Naturally, this spotlight is causing the media to dig up his past actions and statements, including his exploits with a Ten Commandments monument and when he went well beyond the call of duty to viciously attack the LGBTQ community.
This is leading to a lot of shock and hand wringing. Big deal. I'm not fazed in the least. I do, however, have a question.
What makes Moore any different than the religious right groups such as the Family Research Council who happen to have a degree of power in Congress. Or how about the right-wing evangelical circles - which include FRC - who have influence over Trump?
If you looked at any of Moore's statements and compared them to statements said by any members of these groups, I think you find, at the very least, mildly subtle differences.
1. Moore on the LGBTQ community - A child custody case in 2002 was less of a national cause célèbre, but Moore used the outcome, and his concurrence, to author a vicious attack on same-sex parents. "I write specially to state that the homosexual conduct of a parent -- conduct involving a sexual relationship between two persons of the same gender -- creates a strong presumption of unfitness that alone is sufficient justification for denying that parent custody of his or her own children or prohibiting the adoption of the children of others," he said in one of the opinion's more tame passages. In others, Moore labeled "homosexual conduct" by parents as being "detrimental to the children," writing that it "is, and has been, considered abhorrent, immoral, detestable, a crime against nature, and a violation of the laws of nature and of nature's God upon which this nation and our laws are predicated."
Tony Perkins, Family Research Council in 2011 - In an August FRC mailer discovered by Right Wing Watch, Perkins attacked the Obama administration for participating in the “It Gets Better" Project, a campaign launched last year in response to a series of high-profile LGBT youth suicides. According to Perkins, the administration’s support for the campaign is “appalling,” “disgusting,” and an attempt to “recruit” kids into a perverted and “immoral” “lifestyle”
2, Moore about Vladimir Putin and values - Moore told The Guardian (2017) in August that President Ronald Reagan’s declaration that the Soviet Union is “the focus of evil in the modern world” could be applicable to the U.S. today, citing same-sex marriage as an example “You could say that about America, couldn’t you?” he said. “We promote a lot of bad things.” His mention of same-sex marriage prompted The Guardian to note some similarities between Moore and Russian President Vladimir Putin. “Well, maybe Putin is right,” Moore said. “Maybe he’s more akin to me than I know.”
Franklin Graham in 2016 -Evangelist Franklin Graham hailed Putin as a hero for taking “a stand to protect his nation’s children from the damaging effects of any gay and lesbian agenda” even as “America’s own morality has fallen so far on this issue”
3. Moore on the supposed loss of American values - Moore suggested that a lack of faith in God may have played a role in the Sept. 11, 2001, attacks, as he quoted a passage from the book of Isaiah in a February speech at the Open Door Baptist Church. The passage suggests that because God’s message was rejected, sin will come like a high wall that suddenly collapses. “Sounds a little bit like the Pentagon, whose breaking came suddenly at an instance, doesn’t it?” he said. He steered attendees to a later verse that alludes to slaughters and towers falling “if you think that’s coincidence.” “You know, we’ve suffered a lot in this country,” he said. “Maybe, just maybe, because we’ve distanced ourselves from the one that has it within his hands to heal this land.” He indicated that God may be upset because “we legitimize sodomy” and “legitimize abortion.”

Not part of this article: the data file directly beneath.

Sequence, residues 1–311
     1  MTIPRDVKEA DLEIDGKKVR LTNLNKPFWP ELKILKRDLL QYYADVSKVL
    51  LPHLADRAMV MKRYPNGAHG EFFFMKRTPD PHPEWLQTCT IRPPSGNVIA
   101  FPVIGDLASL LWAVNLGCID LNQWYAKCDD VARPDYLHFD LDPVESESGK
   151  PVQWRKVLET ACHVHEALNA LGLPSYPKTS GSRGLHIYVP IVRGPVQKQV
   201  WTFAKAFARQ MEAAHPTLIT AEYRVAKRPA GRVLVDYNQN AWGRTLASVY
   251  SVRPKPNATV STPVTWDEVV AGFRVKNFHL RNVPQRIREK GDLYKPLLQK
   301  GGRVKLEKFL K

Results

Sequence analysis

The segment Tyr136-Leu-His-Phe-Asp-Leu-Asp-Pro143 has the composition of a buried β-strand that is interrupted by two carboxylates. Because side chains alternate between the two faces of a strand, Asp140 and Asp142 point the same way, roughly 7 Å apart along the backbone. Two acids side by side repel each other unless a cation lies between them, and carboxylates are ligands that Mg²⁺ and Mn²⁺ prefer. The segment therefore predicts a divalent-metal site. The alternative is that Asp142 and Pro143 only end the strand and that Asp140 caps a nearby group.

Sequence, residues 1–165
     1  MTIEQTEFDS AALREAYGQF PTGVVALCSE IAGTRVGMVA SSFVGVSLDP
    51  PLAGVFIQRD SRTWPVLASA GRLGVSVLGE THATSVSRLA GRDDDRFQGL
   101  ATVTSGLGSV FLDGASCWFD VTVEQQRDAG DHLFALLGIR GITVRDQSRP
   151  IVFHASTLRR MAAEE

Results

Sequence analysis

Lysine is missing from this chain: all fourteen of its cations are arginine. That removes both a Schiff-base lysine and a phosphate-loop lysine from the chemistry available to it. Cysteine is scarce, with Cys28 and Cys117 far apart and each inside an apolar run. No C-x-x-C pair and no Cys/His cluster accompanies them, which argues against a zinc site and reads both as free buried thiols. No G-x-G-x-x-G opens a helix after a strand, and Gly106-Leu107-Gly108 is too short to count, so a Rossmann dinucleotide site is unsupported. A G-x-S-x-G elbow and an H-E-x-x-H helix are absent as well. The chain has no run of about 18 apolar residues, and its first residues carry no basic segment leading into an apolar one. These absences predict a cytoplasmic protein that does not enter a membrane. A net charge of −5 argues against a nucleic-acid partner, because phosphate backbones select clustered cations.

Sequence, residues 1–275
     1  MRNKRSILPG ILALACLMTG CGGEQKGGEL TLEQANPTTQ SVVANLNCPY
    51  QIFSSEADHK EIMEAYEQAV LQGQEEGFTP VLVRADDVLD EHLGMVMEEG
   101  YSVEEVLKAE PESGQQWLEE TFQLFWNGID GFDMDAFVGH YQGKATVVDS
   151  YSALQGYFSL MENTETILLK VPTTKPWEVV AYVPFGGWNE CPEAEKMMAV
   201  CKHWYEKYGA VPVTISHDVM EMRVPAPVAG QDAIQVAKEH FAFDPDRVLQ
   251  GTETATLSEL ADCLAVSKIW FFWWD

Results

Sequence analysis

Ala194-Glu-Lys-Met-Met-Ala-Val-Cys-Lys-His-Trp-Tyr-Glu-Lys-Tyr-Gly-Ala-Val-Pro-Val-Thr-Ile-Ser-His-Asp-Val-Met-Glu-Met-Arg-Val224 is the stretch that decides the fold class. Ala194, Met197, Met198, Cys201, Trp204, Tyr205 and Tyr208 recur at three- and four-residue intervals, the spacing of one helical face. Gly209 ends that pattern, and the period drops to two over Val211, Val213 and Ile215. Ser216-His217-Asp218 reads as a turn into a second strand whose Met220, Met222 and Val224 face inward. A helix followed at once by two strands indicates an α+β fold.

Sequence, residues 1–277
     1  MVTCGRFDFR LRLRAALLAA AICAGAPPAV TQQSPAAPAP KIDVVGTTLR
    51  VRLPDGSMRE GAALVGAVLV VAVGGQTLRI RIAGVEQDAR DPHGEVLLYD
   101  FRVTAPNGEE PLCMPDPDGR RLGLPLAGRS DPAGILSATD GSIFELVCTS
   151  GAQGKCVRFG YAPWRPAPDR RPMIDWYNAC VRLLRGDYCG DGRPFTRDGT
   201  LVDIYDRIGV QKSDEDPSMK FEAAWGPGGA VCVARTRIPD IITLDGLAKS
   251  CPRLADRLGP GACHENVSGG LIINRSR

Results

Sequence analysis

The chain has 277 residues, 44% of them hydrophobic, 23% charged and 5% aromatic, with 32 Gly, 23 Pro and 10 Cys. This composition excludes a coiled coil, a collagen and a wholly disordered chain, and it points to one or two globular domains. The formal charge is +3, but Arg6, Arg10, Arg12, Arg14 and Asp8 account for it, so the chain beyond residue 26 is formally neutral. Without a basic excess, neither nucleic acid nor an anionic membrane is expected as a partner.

James Dobson - We are witnessing an unprecedented campaign to secularize our society and "de-moralize" our institutions from the top down. The effort, now in its fifth decade, has been enormously successful. Most forms of prayer have been declared unconstitutional in the nation's schools. The Ten Commandments have been prohibited on school bulletin boards. Secular universities are blatantly hostile to Christian precepts, and the media screams "Foul!" whenever someone speaks openly of his beliefs. In this wonderful Land of the Free, we have gagged and bound all of our public officials, our teachers, our elected representatives, and our judges. Since we have effectively censored their expressions of faith in public life, the predictable is happening: a generation of young people is growing up with very little understanding of the spiritual principles on which our country was founded. And we wonder why so many of them can kill, steal, take drugs, and engage in promiscuous sex with no pangs of conscience. We have taught them that right and wrong are arbitrary – subjective – changing. They learned their lessons well.
If the media wasn't so blase and jaded about evangelical right groups and the power they had in Congress before the Trump Administration, as well as now, they wouldn't be looking at Moore in wonderment.
Moore is not a damn wild card like some folk have said. Nor is he a populist. He is most likely the symbol of empowerment for the evangelicals who support Trump. I wouldn't be surprised if soon they may see it as more advantageous to run candidates like themselves rather than rely on the support of the traditional GOP.
And Moore winning the race over a GOP candidate favored by the party is just the signal they may need.
Bottom line - we probably should keep one eye on Trump and the other on the evangelicals who now support him. And ask ourselves how soon will it be before they break away from Trump or seek to become the alpha in their relationship with him.